Unfortunately, times like these will never get a full consensus on how influential music like this was on the minds of young people and generations of artists to come. There are those that lived it, who swear by spiritual and artistic enhancements these drugs offer, and there are those who might say that all this movement did was breed a doped up army of youths with eclectic tastes in music. Whatever one’s standpoint may be, there is absolutely no getting away from the fact that the events leading up to the 60’s as well at the creation of LSD and psychedelic rock paved the way for a new contemporary movement in rock ‘n roll.
c. Artist/Movement Profile
Seeing as alternative rock encompasses many genres of music including progressive, new wave, grunge, etc., it is nearly impossible to choose just one that stand out among the rest. Indeed there are several in every generation that stand out and transform people’s thinking. It’s often been said that everything’s been done already; you just need to figure out how to do it differently. That being said, there is one band that most people today associate with modern alternative music: Red Hot Chili Peppers. The band currently consists of founding members, vocalist Anthony Kiedis and bassist Michael “Flea” Balzary along with a longtime member drummer Chad Smith. Guitarist John Frusciante quietly left the band on good terms in late 2008, but on January 2, 2010, Josh Klinghoffer was announced as Frusciante’s replacement.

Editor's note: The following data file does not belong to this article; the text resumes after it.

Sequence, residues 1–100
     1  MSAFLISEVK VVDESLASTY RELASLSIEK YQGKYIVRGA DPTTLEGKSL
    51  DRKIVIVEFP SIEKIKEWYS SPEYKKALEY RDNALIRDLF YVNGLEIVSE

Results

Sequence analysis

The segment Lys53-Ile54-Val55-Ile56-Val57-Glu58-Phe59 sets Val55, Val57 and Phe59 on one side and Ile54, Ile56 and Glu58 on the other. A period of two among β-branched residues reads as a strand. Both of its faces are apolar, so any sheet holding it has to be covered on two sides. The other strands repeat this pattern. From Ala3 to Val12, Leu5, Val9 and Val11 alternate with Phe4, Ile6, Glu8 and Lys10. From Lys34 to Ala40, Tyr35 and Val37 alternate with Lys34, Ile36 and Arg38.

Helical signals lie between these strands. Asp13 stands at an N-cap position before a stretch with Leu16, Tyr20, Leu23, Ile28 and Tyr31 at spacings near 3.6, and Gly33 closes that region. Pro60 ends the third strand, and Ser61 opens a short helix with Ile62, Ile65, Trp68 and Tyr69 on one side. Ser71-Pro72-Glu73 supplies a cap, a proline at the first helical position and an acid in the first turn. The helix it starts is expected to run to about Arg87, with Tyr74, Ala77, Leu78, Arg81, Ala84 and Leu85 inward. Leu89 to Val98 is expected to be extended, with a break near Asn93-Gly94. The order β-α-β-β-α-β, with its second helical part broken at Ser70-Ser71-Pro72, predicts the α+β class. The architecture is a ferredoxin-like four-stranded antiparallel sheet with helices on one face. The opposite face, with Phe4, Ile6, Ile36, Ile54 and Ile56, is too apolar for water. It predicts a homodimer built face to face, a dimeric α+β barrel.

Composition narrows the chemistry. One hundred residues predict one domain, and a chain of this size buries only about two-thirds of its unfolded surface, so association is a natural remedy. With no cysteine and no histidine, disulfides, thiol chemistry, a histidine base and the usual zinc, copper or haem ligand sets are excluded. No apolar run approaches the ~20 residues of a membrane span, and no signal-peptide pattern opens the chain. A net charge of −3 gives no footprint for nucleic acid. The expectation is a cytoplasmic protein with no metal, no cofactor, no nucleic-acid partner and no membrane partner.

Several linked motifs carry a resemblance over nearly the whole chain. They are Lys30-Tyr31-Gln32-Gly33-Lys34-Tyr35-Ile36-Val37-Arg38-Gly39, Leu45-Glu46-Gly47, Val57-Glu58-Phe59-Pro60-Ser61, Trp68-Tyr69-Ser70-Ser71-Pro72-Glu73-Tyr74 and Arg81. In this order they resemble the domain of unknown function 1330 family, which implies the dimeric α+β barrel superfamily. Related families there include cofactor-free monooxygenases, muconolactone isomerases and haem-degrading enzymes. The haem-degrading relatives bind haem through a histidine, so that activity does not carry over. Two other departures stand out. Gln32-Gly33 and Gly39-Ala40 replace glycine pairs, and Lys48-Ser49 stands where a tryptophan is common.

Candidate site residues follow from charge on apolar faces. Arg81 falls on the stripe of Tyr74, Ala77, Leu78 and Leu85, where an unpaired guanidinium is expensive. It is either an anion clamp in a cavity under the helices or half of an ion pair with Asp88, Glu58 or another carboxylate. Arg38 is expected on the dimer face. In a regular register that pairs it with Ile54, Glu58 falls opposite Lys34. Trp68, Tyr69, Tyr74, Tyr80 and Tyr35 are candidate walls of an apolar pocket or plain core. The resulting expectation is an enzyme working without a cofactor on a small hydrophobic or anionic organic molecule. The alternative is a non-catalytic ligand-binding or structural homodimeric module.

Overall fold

Based out of Hollywood, CA, the Red Hot Chili Peppers have overcome countless trials and tribulations as they dealt with personal issues such as drug addiction and untimely death among band mates, all the while topping the charts and trying to keep their laid back, ‘SoCal’ persona. Though it may have seemed that the band often appealed to and even promoted the hard-partying, slacker lifestyle, the band branched out as they gained popularity, and proved that they could hook even the sunniest of audiences. Many would even be surprised to hear that the Red Hot Chili Peppers was built from collaboration between Flea and Keidis during their college years, after performing in a KISS-inspired hard rock group that varied greatly from the sounds of what we now recognize as the Red Hot Chili Peppers.